o Eye specialists’ care
o Replacement lenses or eyeglasses for eye surgery patients, as provided in Article III, Section (11).
Article III. A. (10)(g) 2. of the Employer Benefit Plan states:
The Employer and the UMWA agree that excessive charges and escalating health costs are a joint problem requiring a mutual effort for solution. In any case in which a provider attempts to collect excessive charges or charges for services not medically necessary, as defined in the Plan, from a Beneficiary, the Plan Administrator or his agent shall, with the written consent of the Beneficiary, attempt to resolve the matter, either by negotiating a resolution or defending any legal action commenced by the provider. Whether the Plan Administrator or his agent negotiates a resolution of a matter or defends a legal action on a Beneficiary’s behalf, the Beneficiary shall not be responsible for any legal fees, settlements, judgments or other expenses in connection with the case, but may be liable for any services of the provider which are not provided under the Plan. The Plan Administrator or his agent shall have sole control over the conduct of the defense, including the determination of whether the claim should be settled or an adverse determination should be appealed.
Article III. A. (11)(a) 12. of the Plan states:
(11) General Exclusions
(a) In addition to the specific exclusions otherwise contained in the Plan, benefits are also not provided for the following:
12. Excessive charges.
The Introduction to Article III of the Employer Benefit Plan provides coverage for services which are reasonable and necessary for the diagnosis or treatment of an illness or injury and which are given at the appropriate level of care. Article III. A. (3)(o) 2. provides benefits for examinations for blindness and other diagnostic procedures when medically necessary. Q&A 81-65 states that benefits are provided for the treatment of eye illnesses and injuries.
The Employee’s daughter’s ophthalmologist took fundus photos and performed visual fields testing for the evaluation of abnormal optic nerves, which appeared swollen and could have been caused by a brain tumor. A Funds’ medical consultant has reviewed this case to include the May 20, 1993 letter from the ophthalmologist and advised that the fundus photos were done to document the swollen appearance of the Employee’s daughter’s optic nerves as a baseline to avoid more expensive interventions in the future if there is no change in their appearance. The consultant has also advised that the visual fields tests were performed to be sure that the abnormal optic nerves do not present decreased fields of vision or blind spots. He is of the opinion that the tests were medically necessary and appropriate given the patient’s presentation. Because the fundus photos and visual fields tests were medically necessary for diagnostic purposes related to the patient’s eye abnormalities, the Trustees conclude that these tests are covered under the Employer Benefit Plan.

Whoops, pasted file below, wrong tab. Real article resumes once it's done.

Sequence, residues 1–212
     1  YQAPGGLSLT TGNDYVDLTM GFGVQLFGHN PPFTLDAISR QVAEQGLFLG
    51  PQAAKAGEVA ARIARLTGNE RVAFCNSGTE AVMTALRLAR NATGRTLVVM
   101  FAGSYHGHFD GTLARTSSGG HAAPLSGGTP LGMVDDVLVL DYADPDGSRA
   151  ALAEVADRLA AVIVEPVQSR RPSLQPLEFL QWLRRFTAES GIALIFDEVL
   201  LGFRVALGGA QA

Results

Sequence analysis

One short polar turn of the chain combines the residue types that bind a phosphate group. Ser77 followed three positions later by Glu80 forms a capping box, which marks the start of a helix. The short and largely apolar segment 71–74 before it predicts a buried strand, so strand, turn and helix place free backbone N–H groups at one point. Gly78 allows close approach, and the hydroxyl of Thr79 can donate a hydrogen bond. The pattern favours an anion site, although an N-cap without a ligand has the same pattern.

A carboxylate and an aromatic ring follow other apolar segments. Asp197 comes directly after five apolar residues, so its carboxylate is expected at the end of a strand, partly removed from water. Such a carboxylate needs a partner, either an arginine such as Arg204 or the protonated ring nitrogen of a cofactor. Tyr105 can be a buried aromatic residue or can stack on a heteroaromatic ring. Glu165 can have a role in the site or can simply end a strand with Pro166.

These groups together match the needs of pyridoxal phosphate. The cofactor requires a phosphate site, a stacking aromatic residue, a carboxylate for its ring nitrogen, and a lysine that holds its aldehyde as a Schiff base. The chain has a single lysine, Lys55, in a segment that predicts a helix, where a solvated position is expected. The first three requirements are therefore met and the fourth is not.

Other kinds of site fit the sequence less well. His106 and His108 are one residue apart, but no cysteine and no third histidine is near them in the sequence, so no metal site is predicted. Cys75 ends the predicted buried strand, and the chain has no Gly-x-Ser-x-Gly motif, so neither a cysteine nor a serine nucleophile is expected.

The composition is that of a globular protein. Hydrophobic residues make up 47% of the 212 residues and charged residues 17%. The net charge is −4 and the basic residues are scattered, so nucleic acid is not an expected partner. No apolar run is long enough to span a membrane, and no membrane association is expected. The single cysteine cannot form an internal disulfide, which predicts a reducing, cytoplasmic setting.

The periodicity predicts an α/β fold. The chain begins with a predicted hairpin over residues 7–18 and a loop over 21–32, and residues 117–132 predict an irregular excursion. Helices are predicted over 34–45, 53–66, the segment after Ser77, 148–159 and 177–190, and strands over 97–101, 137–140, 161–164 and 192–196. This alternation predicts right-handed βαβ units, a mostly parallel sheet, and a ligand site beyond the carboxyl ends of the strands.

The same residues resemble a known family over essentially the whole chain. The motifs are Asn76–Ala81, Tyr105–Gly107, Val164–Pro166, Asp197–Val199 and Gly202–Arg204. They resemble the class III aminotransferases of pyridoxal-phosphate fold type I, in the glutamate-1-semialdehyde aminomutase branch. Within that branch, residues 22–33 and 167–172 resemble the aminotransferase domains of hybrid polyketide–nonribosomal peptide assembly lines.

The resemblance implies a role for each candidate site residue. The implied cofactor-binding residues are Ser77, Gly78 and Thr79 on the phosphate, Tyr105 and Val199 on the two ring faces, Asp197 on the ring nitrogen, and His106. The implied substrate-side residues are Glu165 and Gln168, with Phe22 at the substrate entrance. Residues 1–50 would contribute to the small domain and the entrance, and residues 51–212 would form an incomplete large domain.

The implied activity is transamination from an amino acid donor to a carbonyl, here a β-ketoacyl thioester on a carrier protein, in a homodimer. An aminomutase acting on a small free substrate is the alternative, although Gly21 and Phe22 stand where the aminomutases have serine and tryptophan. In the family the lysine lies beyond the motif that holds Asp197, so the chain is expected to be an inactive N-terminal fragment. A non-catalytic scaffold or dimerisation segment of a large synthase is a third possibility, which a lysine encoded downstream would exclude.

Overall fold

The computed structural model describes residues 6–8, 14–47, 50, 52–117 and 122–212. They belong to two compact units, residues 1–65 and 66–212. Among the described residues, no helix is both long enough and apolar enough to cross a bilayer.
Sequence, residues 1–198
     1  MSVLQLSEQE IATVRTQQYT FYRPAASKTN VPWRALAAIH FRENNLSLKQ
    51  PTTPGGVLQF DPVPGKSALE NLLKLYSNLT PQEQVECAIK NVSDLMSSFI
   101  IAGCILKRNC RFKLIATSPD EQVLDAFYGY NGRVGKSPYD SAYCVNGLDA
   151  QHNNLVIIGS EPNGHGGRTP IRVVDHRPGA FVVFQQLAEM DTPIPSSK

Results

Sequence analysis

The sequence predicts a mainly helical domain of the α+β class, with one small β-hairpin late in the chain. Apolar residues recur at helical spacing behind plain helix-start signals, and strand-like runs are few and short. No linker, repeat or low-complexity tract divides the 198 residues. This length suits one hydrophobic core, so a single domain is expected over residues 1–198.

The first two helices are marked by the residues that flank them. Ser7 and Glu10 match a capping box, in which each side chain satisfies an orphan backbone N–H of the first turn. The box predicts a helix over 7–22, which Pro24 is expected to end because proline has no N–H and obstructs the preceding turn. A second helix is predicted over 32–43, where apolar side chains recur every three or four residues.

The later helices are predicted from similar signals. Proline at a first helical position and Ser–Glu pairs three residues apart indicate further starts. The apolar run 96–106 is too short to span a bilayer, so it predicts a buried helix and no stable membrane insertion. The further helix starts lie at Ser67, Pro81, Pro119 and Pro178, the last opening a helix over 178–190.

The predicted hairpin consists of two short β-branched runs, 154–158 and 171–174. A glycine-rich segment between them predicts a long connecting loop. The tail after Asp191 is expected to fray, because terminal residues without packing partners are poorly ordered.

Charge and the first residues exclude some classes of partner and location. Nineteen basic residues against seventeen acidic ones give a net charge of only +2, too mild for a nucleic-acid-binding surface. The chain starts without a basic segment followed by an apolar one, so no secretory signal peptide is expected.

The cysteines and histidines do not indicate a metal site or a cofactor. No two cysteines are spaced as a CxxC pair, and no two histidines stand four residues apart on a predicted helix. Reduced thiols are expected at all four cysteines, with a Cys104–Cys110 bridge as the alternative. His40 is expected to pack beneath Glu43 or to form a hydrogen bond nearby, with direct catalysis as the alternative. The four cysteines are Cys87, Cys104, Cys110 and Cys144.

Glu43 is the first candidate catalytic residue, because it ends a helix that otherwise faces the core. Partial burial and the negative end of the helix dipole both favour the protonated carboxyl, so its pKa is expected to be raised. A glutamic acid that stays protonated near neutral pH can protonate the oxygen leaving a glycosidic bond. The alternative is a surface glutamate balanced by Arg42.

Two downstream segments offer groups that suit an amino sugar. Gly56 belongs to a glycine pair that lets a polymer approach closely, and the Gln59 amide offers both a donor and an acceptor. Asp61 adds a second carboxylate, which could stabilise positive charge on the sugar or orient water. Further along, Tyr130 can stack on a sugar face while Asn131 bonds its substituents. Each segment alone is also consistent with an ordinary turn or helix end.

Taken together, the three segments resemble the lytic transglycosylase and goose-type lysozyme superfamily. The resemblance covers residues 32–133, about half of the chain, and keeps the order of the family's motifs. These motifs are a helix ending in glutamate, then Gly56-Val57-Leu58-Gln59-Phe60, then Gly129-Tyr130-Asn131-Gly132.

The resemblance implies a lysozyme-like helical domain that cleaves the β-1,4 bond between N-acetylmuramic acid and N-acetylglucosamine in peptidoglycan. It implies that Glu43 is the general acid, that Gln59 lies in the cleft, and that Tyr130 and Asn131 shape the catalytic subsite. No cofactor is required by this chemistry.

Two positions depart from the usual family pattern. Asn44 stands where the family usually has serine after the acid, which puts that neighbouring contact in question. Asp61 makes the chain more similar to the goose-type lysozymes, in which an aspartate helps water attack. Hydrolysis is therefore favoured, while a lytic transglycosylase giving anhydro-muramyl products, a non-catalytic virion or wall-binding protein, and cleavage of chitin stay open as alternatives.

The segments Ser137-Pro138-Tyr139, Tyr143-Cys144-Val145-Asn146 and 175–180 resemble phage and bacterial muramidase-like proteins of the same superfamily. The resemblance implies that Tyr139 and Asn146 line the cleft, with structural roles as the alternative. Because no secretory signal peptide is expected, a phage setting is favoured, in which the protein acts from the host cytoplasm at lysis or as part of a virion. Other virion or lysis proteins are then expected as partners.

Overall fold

The Employer denied $80 of a $200 charge for the consultation provided to the Employee’s daughter on February 12, 1992 as excessive charges, which are excluded from coverage under Article III. A. (11)(a) 12. of the Plan. Under Article III. A. (10)(g) 3., the “hold harmless” provision of the Plan, the Plan Administrator shall act to resolve matters involving excessive charges of a provider. In this case, the Employer is required to implement hold harmless procedures to protect the Employee from the charges determined to be excessive resulting from the provider’s consultation fee.
Opinion of the Trustees
The Employer is required to provide benefits for the Employee’s daughter’s fundus photos and visual fields testing on January 31 and February 12, 1992 and to hold the Employee harmless for the excessive charges for the consultation on February 12, 1992.